London ~ the National Gallery

...And Beyond…

England has always been a land that’s intrigued me. Not only did I have a keen interest in a number of British artists, (Gainsborough, Reynolds, Sergeant…and the list goes on) I’ve also had a keen interest in its history, architecture, and it’s quaint villages.

When my daughter moved to England it was the perfect opportunity for me to explore all its treasures! And although it would probably take a life time to cover all the places of interest, I did make a nice start by traveling for six weeks throughout the southern portion of the country.

Although I spent several days taking in some of the “highlights” of London that would interest the artistic eye and temperament it was by far the smaller towns, villages and historical places that captivated my visual senses! Acquiring a National Trust pass was a great asset to my travels, allowing easy access to historical sites many with lovely gardens.

I was also fortunate enough to be traveling in the months of May and June. This meant the weather would be “decent” for outdoor extravaganzas, and the gardens would have blooms to tantalize the artistic eye. June is also the month for the “trooping the colour” in London and the “Mall” was decked out in its finest, adding to sightseers “visual pleasures”.

Entrance to the Pall Mall
To Buckinghams Gate

Me in front of the National Gallery
The National Art Gallery

The National Gallery in London has a spectacular array of paintings by artists from around the world. 

I was amazed and delighted to find many of my favourite paintings on these walls. And, as usual, you can expect to spend the greater part of the day inspecting the works of art contained in this large gallery. As with all the galleries photos are not allowed (unless you’re a real sneak and don’t get caught! … I’m not that brave.)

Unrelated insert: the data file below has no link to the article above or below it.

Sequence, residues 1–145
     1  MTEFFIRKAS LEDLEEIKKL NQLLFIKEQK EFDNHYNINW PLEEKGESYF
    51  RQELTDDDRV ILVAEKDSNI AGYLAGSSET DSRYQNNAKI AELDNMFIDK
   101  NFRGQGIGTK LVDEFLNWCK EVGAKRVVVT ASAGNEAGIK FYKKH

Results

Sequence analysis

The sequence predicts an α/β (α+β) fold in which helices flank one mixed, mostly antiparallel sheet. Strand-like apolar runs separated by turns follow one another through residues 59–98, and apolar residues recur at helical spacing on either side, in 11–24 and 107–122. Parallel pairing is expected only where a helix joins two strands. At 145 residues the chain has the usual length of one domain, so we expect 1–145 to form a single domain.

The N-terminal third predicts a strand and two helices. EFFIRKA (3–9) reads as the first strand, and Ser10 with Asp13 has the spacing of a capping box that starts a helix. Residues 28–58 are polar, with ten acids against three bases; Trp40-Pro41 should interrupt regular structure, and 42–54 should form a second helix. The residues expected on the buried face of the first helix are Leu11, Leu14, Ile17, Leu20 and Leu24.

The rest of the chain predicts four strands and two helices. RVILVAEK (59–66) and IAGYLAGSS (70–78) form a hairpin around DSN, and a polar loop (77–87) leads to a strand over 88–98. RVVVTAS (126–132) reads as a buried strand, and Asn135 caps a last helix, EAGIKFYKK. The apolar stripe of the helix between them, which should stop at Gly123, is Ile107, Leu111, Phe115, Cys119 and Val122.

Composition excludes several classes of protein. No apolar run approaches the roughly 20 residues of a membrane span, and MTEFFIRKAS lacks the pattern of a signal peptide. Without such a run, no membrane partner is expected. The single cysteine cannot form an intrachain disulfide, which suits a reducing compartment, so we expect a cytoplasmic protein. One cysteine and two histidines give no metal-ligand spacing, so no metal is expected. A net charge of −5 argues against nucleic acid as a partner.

But art and artistry could be found throughout London. Trafalgar’s Square starts with it’s grand architecture, to it’s fountains in front of the National Gallery (above) to it’s statue (below left)…


…To statues depicting British rule and dominance (above right) … to the classical dolphins found at the base of many lamp standards (below left) …


…To the exquisite architectural styling of the Parliament Buildings (above right) and even an artistic flair of a stranded cargo troller at low tide on the River Thames (below)

A highlight of my initial foray into London was a quick trip (well, they are never a “quick trip”) to the Tate Gallery (below left) where one of my favourite paintings, The Lady of Shalott is exhibited… it is an 1888 oil-on-canvas painting by the English Pre-Raphaelite painter John William Waterhouse.

Tate Gallery
Lady of Shalott

…England seems to have an endless source of vast historical manor houses, castles, estates and cathedrals, and the thing to note when visiting these is the fact that they will always have paintings and sculptures in them!!! So if you are in England, and artistically curious, don’t pass these up as they are every bit as exciting as the formal galleries.  The fact that paintings adorn so many walls of these historical places should be an inspiration to young artists and a reminder of the importance and high regard in which art has been held through the ages…

… I leave you with my memories of the National Gallery and Tate and hope you’ll join me on my visual quest, as I present some of my favourite places in England in upcoming blogs …